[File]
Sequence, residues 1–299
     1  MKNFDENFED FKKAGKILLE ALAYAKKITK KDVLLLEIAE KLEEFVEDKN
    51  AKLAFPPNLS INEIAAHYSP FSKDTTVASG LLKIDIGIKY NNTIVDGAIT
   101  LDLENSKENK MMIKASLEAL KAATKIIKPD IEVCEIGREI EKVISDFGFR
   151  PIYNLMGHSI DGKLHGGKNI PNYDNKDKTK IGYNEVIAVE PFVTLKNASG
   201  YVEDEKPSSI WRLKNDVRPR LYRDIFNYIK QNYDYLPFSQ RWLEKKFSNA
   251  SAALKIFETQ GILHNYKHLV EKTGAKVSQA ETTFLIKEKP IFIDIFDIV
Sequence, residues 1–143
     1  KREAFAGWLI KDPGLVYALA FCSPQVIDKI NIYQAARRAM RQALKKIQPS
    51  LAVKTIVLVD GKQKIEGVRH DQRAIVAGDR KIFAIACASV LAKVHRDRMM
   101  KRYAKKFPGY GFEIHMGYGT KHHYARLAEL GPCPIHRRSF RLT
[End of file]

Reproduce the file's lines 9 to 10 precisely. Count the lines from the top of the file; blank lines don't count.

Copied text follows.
     1  KREAFAGWLI KDPGLVYALA FCSPQVIDKI NIYQAARRAM RQALKKIQPS
    51  LAVKTIVLVD GKQKIEGVRH DQRAIVAGDR KIFAIACASV LAKVHRDRMM